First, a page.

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Journal of the Nelson and Marlborough Historical Societies, Volume 2, Issue 4, 1990

Household Water Supply

Household Water Supply

To collect water for household use, most homes had a red iron tank, with a capacity of four hundred gallons (1,818 litres), to store the rain water which drained off the roof. These square tanks, which were in general use, came into the country as safe containers for the shipment of crockery, or other fragile imports. As well, most homes had a hand operated lever pump, to lift water from an underground well, Even when a few odd windmills dotted the countryside, the red tanks were still in evidence.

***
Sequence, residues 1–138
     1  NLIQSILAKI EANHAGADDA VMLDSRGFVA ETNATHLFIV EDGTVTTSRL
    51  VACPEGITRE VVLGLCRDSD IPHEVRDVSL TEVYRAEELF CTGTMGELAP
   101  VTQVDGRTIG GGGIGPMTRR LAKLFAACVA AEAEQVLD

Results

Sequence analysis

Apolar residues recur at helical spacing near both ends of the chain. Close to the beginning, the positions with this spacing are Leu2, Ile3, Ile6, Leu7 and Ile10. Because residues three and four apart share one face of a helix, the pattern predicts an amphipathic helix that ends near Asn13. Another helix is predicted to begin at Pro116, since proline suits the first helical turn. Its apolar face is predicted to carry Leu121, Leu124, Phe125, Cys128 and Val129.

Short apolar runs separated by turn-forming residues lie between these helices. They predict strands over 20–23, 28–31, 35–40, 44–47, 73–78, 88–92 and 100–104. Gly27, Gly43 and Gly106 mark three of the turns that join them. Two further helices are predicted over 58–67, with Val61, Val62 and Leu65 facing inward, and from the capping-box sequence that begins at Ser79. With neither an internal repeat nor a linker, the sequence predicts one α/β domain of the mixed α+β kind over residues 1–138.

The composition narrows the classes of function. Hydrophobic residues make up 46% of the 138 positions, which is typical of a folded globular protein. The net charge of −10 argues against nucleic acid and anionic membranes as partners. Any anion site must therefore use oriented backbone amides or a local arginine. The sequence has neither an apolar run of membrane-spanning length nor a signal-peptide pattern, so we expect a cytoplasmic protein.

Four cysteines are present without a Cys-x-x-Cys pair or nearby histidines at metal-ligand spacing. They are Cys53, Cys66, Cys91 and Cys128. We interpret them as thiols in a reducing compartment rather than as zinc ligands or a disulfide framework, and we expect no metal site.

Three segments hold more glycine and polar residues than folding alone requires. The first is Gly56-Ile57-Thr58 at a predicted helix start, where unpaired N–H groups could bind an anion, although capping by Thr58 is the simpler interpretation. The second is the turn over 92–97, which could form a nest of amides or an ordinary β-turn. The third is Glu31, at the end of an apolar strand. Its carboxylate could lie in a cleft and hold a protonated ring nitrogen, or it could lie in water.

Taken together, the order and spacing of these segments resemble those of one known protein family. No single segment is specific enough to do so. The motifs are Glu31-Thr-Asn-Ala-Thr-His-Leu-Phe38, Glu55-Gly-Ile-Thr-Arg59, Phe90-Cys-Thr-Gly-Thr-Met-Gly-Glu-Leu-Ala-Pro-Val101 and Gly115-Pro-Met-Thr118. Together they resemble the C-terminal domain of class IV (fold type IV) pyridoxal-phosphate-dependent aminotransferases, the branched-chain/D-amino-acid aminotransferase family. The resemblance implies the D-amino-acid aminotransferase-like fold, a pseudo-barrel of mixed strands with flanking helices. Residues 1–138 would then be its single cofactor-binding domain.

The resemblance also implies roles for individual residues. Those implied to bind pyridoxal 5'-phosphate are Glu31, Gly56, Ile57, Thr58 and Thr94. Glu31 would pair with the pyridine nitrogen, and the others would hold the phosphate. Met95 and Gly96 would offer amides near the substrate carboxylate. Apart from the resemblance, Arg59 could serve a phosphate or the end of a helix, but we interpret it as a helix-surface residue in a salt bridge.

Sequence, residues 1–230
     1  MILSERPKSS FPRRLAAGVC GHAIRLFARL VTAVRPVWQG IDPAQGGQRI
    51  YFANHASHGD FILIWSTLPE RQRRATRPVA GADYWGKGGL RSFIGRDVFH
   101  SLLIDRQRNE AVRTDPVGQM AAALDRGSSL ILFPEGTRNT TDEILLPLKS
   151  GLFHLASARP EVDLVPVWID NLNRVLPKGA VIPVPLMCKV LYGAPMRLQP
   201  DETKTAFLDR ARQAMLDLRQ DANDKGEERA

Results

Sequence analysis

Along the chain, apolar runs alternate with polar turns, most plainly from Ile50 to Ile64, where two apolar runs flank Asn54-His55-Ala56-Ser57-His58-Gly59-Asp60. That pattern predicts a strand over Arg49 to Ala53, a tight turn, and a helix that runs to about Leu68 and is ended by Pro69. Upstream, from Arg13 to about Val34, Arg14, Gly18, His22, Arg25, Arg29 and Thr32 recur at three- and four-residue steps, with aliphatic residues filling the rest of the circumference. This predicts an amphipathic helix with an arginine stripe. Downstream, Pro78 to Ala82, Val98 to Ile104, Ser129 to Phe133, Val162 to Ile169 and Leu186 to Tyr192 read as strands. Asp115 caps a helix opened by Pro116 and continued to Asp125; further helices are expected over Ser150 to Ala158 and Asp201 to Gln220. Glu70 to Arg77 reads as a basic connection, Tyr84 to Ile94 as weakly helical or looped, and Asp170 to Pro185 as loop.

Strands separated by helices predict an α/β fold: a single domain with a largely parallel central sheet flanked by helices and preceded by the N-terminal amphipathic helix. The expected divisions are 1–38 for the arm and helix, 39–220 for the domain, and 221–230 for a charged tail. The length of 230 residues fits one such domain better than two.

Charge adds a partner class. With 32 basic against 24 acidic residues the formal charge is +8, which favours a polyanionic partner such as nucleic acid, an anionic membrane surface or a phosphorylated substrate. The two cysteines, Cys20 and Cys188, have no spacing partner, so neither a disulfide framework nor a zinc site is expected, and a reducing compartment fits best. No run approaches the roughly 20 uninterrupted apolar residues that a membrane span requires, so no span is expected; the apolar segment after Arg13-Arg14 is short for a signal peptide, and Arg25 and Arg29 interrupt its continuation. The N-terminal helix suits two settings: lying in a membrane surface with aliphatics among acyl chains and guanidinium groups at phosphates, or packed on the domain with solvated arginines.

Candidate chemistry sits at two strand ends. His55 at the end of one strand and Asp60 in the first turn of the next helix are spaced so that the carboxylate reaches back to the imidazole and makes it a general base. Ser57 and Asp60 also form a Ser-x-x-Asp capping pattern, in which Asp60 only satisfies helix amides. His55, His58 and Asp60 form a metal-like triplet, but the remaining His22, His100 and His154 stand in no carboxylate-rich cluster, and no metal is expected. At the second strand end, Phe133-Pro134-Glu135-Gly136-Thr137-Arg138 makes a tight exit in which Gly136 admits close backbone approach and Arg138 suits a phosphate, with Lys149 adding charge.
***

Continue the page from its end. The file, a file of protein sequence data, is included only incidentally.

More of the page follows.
With no running water, it was natural that bathing took place in a large oval tub, which was moved into the house for the occasion. Water had to be specially heated for the purpose, but bath time in front of a winter fire was quite an event. There may have been a mineral deficiency in our district's water, as many of us had rotten teeth as children.